The Traffic Commissioner need not revoke the licence and may allow a reasonable period of time for the operator to find a replacement person who is professionally competent The maximum time which may be allowed by the Traffic Commissioner is 6 months. This may be extended to 9 months at the Commissioner’s discretion.
When a new transport manager is appointed (in many cases at the same time as you send your GV80A), a completed form TM1 must be submitted containing details of the professionally competent person and the signed declaration, together with original certificates confirming professional competence.
The operating centre is the term used in the regulations to describe the location of where the vehicle or vehicles are parked when not in use. The Traffic Commissioner will need to be satisfied that your operating centre(s) are suitable – for example, that they will be big enough, with safe access, and in an environmentally acceptable location. If you do not own the operating centre you may be asked to provide evidence that you are entitled to use it.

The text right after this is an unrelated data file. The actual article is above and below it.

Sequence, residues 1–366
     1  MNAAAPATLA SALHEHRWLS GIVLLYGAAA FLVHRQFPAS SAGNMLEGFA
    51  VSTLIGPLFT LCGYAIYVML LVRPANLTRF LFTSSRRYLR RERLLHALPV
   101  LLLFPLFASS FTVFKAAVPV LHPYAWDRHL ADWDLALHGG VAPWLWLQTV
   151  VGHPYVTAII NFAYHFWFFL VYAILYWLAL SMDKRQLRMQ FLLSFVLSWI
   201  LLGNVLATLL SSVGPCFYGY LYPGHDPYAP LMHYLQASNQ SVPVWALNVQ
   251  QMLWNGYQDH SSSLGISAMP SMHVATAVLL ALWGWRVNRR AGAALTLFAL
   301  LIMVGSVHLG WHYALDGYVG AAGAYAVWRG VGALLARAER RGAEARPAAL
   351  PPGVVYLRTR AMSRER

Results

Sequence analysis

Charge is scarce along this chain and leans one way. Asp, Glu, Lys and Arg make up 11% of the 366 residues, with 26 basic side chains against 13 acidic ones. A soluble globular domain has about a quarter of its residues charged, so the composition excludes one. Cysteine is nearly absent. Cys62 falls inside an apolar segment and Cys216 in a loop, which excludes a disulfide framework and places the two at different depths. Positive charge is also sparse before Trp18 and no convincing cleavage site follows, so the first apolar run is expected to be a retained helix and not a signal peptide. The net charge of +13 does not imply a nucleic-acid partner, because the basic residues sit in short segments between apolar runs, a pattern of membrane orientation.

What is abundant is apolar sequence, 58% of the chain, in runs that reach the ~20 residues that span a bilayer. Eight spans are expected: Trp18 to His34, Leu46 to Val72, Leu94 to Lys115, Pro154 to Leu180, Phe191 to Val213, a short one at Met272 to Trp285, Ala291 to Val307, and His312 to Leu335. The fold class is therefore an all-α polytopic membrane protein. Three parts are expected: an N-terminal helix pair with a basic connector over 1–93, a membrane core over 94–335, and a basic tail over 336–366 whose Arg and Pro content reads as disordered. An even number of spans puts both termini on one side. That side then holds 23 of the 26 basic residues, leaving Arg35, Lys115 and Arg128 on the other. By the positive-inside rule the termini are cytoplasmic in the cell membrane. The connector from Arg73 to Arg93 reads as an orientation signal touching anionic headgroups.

The best way to find an operating centre is through the Traffic Commissioner’s Operator Search website here. Search for transport companies by “Town name(s)” in which you’d like to base your company (pick a town that has a good number of industrial estates). Then, look up the addresses of their operating centres. Contact them or the yard owners and ask if you can use their yard as your operating centre.
Video: How to Find an HGV Operating Centre for Your Operator’s Licence
Other websites where you can search for or post a wanted ad for an operating centre: